Differences in smoking-related variables based on phenylthiocarbamide "taster" status

Nicotine Research Laboratory, University of Michigan Department of Psychiatry, Ann Arbor, MI 48105, USA.
Addictive Behaviors (Impact Factor: 2.44). 01/2007; 31(12):2309-12. DOI: 10.1016/j.addbeh.2006.02.016
Source: PubMed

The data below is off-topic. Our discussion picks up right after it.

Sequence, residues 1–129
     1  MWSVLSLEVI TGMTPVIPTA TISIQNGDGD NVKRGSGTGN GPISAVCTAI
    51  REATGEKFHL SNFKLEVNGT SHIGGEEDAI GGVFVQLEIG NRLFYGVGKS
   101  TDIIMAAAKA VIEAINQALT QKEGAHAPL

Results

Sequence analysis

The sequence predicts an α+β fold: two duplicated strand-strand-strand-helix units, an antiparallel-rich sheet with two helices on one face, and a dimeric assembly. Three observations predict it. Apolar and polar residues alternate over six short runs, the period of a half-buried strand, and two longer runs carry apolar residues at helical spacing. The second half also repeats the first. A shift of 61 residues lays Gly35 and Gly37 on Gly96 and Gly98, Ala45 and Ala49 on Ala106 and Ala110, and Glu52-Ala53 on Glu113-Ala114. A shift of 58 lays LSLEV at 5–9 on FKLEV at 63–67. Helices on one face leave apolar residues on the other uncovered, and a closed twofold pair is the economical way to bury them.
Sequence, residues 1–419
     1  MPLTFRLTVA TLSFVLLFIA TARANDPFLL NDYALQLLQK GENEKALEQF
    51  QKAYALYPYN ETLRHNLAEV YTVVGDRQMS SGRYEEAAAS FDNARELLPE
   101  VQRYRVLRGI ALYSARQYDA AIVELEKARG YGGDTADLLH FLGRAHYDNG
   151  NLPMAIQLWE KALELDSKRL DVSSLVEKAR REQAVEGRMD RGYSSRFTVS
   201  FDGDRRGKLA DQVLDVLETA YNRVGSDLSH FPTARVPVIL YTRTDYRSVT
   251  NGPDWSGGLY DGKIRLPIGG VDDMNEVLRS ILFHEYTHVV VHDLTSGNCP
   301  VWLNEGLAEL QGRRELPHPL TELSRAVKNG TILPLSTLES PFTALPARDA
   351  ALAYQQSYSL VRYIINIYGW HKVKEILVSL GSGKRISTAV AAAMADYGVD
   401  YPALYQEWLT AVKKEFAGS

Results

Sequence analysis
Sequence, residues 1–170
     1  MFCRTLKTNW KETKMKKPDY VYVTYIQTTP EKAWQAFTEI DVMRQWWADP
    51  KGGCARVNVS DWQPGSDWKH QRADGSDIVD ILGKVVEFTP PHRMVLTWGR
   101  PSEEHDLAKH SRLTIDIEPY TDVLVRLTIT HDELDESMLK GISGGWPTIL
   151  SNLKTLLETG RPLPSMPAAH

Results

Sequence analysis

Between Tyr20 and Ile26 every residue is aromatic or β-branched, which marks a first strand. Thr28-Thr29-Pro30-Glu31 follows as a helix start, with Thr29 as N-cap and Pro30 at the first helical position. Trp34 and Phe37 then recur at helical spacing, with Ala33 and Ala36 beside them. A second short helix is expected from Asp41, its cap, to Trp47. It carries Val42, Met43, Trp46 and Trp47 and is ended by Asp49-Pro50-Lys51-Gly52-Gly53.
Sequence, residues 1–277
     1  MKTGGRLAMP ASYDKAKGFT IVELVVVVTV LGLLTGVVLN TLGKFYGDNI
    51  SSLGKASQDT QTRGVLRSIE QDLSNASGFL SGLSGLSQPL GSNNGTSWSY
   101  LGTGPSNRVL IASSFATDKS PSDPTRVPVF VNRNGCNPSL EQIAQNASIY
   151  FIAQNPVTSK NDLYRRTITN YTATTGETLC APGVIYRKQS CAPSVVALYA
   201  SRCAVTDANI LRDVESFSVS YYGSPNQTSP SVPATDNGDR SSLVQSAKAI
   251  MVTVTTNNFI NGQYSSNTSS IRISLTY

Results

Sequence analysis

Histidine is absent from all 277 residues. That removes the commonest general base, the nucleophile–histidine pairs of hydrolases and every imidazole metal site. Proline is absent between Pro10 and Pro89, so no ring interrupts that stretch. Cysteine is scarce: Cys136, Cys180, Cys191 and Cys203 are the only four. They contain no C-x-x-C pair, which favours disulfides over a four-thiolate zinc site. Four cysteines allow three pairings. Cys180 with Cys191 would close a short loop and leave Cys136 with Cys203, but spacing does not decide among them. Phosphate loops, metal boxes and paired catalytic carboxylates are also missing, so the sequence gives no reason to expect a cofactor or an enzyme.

ABSTRACT Test strips impregnated with phenylthiocarbamide (PTC) have been used to identify genetic differences based on whether a bitter taste is perceived. To determine whether smokers who perceive PTC as bitter tasting ("tasters") would differ from those who describe it as tasteless ("non-tasters") on smoking-related variables, we studied 464 current smokers (70% female, 79% White; mean age 30.5+/-9 years) recruited to participate in laboratory experiments and clinical trials. Of these, 217 (47%) reported the PTC strips as tasteless and 154 (33%) as tasting bitter. The remaining 93 (20%) described the taste as salty, sweet, or other and were excluded from further analyses. Comparing tasters with non-tasters, we found significant differences in mean (S.D.) total years smoked (14.5 [9.2] for non-tasters, vs. 12.6 [8.4] for tasters, p<.05), Fagerstrom Tolerance Questionnaire scores (6.4 [2.1] vs. 5.8 [2.1], p<.01), and scores on the Positive Reinforcement scale of the Michigan-Nicotine Reinforcement Questionnaire (8.1 [2.9] vs. 6.8 [3.1], p<.05). Results suggest that among smokers, ability to taste PTC may confer some protection from development of nicotine dependence and positive reinforcement from smoking.

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